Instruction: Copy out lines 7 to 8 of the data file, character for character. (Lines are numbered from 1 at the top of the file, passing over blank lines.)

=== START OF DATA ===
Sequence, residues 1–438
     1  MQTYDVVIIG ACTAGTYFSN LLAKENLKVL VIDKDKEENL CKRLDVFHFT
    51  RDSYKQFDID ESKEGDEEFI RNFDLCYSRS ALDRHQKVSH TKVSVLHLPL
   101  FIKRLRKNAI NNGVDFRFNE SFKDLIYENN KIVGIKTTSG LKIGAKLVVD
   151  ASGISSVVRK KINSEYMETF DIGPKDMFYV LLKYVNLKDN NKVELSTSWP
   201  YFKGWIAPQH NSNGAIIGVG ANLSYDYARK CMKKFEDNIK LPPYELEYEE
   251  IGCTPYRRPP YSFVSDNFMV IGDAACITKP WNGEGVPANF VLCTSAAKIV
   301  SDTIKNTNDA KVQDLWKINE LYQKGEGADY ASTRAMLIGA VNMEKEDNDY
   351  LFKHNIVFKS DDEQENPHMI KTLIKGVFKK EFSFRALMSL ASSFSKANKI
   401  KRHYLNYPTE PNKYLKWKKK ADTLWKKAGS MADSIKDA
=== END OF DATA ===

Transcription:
   251  IGCTPYRRPP YSFVSDNFMV IGDAACITKP WNGEGVPANF VLCTSAAKIV
   301  SDTIKNTNDA KVQDLWKINE LYQKGEGADY ASTRAMLIGA VNMEKEDNDY